Pre – 1914
The first women associated with the Army were called camp followers, and provided much needed services including cooking, laundry and first aid. Some of these were soldier’s wives. A ballot selection was held at the dock, with six (later four) women per 100 men allowed to accompany the regiment. Women who were left behind had no support from the army. The women who went on campaign were entitled to half rations with children entitled to quarter rations, however they lost all support if their husbands died on campaign.
For those stationed at home, there were no married quarters. In barracks the married men had a curtained off area for their wives and children, sleeping in a large room with the single men. After the end of the Crimean War (1853-1856), the British Army underwent radical changes as it became concerned with the moral and physical well-being of soldiers and their families.
The First World War and Inter-War Years
The First World War was the first time women served in uniform outside the role of nursing. By 1915 there were several voluntary women’s groups that took on driving roles and cooking, but nothing official was formed until after the Somme in 1916. To free up men for front line service, the Women’s Army Auxiliary Corps (WAAC) was formed of civilian women who undertook support and administrative roles in the UK and France. They acted as clerical staff, domestic staff, cooks, drivers, supply clerks, and within the Graves Registration Unit. For their service during the 1918 Spring Offensive they were renamed the Queen Mary’s Army Auxiliary Corps (QMAAC). They were disbanded in 1921.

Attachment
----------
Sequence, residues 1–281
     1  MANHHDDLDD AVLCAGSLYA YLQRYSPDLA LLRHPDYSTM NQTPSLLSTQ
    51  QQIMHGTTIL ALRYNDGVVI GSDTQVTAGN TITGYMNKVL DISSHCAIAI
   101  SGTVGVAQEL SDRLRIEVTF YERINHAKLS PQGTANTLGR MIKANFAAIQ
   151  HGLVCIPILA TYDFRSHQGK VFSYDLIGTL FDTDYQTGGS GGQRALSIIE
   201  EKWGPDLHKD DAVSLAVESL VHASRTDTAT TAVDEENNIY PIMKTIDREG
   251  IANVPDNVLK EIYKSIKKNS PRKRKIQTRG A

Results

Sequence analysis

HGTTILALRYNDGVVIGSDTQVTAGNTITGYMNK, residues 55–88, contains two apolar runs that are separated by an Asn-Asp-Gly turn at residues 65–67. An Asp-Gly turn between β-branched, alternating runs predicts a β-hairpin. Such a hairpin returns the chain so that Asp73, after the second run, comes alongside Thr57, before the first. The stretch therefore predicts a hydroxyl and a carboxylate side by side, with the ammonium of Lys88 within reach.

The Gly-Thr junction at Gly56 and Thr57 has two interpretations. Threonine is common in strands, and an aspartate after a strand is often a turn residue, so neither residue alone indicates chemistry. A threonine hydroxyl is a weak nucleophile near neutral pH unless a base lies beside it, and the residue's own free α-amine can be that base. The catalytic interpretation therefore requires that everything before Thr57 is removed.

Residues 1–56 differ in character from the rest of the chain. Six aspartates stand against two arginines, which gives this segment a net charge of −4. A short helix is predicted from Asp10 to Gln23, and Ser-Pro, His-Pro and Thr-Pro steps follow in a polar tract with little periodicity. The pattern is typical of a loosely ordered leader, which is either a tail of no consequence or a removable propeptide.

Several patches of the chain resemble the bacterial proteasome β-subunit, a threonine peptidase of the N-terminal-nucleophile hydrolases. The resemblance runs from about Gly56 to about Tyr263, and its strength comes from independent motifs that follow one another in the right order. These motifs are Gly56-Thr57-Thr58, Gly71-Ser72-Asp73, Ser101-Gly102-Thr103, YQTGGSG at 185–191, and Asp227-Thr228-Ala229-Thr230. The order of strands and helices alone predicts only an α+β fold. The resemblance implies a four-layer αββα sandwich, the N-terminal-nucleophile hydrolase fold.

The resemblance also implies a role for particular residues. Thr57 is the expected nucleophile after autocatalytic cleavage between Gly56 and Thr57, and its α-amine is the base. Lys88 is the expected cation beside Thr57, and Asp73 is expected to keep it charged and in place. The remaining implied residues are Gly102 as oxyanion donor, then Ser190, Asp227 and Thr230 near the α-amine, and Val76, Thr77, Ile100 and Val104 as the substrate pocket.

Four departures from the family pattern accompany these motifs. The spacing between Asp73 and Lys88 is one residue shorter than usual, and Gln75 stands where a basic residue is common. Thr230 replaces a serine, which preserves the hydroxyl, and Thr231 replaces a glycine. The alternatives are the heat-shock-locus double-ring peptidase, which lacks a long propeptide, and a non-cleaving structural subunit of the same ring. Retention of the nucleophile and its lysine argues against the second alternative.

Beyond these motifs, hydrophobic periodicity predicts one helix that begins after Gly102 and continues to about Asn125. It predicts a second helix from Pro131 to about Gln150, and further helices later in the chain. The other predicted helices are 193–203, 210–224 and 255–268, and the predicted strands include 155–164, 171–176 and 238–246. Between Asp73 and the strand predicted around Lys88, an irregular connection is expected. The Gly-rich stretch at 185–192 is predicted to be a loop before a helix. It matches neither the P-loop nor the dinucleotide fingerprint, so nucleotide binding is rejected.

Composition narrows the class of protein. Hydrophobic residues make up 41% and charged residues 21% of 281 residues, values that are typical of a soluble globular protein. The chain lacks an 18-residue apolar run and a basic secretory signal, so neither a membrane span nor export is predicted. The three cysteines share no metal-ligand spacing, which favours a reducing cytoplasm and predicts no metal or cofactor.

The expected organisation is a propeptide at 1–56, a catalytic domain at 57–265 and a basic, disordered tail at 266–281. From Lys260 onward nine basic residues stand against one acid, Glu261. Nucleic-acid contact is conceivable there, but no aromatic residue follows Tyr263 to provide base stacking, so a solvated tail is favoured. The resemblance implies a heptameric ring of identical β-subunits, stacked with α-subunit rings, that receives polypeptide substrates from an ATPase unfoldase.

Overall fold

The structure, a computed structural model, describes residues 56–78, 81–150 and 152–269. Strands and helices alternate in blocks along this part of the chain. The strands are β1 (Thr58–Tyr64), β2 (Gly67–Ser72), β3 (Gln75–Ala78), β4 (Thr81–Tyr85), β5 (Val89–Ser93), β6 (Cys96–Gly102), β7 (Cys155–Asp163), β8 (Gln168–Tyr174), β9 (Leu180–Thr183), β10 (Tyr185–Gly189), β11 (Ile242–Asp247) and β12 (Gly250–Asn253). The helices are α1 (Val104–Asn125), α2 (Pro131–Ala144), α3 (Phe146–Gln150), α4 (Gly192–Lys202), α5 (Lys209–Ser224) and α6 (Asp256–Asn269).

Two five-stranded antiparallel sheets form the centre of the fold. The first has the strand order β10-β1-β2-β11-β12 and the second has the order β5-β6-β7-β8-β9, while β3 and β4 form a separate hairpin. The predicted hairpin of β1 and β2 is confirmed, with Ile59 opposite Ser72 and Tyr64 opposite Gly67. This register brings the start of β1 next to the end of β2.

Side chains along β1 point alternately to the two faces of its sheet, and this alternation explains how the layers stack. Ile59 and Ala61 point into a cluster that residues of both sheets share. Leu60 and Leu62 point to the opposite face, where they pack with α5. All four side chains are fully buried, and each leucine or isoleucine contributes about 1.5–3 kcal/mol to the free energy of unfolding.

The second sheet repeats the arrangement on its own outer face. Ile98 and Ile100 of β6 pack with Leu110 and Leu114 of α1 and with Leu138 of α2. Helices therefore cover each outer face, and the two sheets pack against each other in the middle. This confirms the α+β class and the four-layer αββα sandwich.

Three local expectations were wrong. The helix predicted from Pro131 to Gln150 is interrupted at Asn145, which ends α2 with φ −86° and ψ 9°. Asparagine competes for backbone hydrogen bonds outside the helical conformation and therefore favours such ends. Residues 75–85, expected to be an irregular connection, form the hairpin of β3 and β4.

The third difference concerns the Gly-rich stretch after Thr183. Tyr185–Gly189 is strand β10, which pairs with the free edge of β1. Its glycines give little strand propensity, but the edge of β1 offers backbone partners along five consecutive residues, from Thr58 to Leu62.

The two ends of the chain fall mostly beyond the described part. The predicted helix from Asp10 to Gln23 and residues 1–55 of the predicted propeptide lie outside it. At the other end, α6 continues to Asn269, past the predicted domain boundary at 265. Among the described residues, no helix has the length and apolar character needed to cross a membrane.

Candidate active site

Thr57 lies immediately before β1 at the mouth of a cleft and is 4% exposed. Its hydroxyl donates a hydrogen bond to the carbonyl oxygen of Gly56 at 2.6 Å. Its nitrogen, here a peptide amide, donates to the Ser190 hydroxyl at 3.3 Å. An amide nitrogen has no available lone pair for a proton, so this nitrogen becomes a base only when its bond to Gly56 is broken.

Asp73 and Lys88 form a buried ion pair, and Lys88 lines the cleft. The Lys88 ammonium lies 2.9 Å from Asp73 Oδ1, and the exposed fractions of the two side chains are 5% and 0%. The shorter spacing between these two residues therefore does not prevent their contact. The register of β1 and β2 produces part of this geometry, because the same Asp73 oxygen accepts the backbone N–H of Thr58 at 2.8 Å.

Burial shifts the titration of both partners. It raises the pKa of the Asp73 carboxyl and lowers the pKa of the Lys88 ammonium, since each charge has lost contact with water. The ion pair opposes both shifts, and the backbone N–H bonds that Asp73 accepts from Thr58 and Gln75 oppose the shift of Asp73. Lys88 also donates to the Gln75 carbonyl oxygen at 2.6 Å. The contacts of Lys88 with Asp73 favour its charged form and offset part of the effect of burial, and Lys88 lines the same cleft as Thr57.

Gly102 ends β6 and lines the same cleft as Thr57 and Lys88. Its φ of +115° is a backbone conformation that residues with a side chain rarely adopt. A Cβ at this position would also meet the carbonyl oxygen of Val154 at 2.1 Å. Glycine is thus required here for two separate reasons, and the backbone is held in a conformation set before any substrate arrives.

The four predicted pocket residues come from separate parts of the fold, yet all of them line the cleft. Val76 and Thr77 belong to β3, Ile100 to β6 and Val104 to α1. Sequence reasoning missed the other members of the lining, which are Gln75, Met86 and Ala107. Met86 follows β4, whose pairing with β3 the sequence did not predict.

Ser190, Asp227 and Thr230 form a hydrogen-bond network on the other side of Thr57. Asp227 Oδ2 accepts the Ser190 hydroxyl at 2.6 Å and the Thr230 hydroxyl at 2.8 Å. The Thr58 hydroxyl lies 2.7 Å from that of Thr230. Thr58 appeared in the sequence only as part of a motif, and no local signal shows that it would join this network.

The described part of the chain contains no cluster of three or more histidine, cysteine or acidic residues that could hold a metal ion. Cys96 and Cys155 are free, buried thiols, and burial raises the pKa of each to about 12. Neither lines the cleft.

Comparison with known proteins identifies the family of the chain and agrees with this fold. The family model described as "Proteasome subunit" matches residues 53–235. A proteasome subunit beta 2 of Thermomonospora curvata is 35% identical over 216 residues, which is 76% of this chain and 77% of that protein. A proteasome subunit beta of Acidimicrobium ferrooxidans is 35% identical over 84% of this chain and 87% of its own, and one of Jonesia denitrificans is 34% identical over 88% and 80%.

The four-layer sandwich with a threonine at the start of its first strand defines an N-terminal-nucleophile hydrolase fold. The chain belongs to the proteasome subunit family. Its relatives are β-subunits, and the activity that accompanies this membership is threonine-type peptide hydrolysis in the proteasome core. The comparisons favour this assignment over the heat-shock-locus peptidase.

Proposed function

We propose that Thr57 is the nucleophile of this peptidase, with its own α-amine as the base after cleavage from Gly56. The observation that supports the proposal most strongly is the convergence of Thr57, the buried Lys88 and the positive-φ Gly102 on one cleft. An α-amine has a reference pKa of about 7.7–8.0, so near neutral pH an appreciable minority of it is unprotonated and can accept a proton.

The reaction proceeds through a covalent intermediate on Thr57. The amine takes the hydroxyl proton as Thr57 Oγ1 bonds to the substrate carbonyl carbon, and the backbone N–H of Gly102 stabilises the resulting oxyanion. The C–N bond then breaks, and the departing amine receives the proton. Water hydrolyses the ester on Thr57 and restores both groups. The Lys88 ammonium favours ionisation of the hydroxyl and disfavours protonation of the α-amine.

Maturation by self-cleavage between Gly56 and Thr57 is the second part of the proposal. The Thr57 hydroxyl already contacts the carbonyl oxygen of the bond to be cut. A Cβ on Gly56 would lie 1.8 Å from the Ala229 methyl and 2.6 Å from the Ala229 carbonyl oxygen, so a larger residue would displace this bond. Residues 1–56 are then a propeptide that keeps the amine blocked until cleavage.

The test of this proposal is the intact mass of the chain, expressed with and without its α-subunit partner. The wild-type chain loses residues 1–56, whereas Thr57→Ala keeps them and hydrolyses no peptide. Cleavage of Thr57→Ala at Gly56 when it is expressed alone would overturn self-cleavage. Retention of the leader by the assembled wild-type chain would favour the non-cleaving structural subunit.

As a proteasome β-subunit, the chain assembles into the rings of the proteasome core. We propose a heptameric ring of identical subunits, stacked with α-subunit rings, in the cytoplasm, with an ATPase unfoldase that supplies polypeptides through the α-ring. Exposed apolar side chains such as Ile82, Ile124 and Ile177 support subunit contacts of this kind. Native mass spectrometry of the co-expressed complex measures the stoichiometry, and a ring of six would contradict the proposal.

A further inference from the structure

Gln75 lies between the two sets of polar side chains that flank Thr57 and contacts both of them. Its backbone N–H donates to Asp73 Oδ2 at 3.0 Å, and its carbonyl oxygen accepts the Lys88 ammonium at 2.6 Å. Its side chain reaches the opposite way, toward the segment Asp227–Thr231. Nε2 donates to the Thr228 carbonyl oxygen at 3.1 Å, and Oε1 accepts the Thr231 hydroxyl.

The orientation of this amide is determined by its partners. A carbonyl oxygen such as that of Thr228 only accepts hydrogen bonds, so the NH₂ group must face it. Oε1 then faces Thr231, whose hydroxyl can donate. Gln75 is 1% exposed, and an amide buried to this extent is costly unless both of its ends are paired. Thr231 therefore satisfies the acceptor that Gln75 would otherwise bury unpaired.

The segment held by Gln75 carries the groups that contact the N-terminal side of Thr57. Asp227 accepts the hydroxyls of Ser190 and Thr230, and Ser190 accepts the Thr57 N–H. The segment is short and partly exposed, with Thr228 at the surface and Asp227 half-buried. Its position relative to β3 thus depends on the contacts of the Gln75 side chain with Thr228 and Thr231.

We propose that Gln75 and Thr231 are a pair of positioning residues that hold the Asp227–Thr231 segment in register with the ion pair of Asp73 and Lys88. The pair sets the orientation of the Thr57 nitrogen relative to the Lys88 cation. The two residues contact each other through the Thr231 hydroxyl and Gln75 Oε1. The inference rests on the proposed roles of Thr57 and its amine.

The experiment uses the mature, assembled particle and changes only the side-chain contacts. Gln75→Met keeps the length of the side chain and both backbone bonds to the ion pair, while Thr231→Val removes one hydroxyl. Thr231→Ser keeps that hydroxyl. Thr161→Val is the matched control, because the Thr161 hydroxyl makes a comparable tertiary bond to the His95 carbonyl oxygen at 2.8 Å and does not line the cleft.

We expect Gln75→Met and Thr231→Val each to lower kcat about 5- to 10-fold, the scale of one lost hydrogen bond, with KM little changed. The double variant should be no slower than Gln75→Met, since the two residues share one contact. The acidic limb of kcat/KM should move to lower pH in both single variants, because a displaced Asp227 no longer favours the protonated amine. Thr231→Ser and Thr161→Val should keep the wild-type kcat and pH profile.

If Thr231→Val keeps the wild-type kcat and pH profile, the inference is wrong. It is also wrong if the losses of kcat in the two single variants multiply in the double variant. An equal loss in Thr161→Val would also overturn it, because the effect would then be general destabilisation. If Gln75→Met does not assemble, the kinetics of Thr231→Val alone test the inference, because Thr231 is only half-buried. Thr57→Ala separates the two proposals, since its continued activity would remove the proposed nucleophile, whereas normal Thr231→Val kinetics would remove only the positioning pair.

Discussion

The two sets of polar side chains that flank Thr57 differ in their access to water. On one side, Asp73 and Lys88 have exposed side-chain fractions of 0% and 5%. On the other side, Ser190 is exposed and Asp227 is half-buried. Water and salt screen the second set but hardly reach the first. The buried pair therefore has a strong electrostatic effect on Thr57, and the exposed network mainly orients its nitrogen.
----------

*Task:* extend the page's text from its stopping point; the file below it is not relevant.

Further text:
The Second World War
When it looked like war with Germany was inevitable, the War Department began to think seriously about creating another auxiliary unit. The Auxiliary Territorial Service (ATS) was formed in 1938, originally as volunteers and followed by conscripts in 1942. As with the WAACs of the First World War, the ATS undertook support and administrative roles, including clerical, driving, provost duties and anti-aircraft command. They served in most of the overseas theatres of operations, including Palestine. Towards the end of the war, the then Princess Elizabeth joined the ATS and trained as a driver at Camberley.
Post War to 1992
The ATS performed such a vital role in wartime that it was agreed that a peacetime women’s corps should be formed. The Women’s Royal Army Corps (WRAC) formed from the ATS in 1949, finally coming fully under the Army Act. In 1950 female officers were to use the same ranks as men for the first time. The WRAC served in forty different trades in twenty different regiments and arms and served worldwide during emergencies and on operations.
In 1991 all WRAC personnel permanently attached to regiments transferred to those regiments, with all others transferring to the AGC in 1992.
The Women’s Army Auxiliary Corps (WAAC) is formed.
The WAAC are renamed the Queen Mary’s Army Auxiliary Corps (QMAAC). They are disbanded 3 years later.
The voluntary Auxiliary Territorial Service (ATS) is formed.
The ATS starts conscripting women.
The Women’s Royal Army Corps is formed from the ATS. The next year female officers were to use the same ranks as men for the first time.
All members of the WRAC are transferred either to the regiments they were permanently attached to or to the AGC.
The decision is made to open combat roles to women.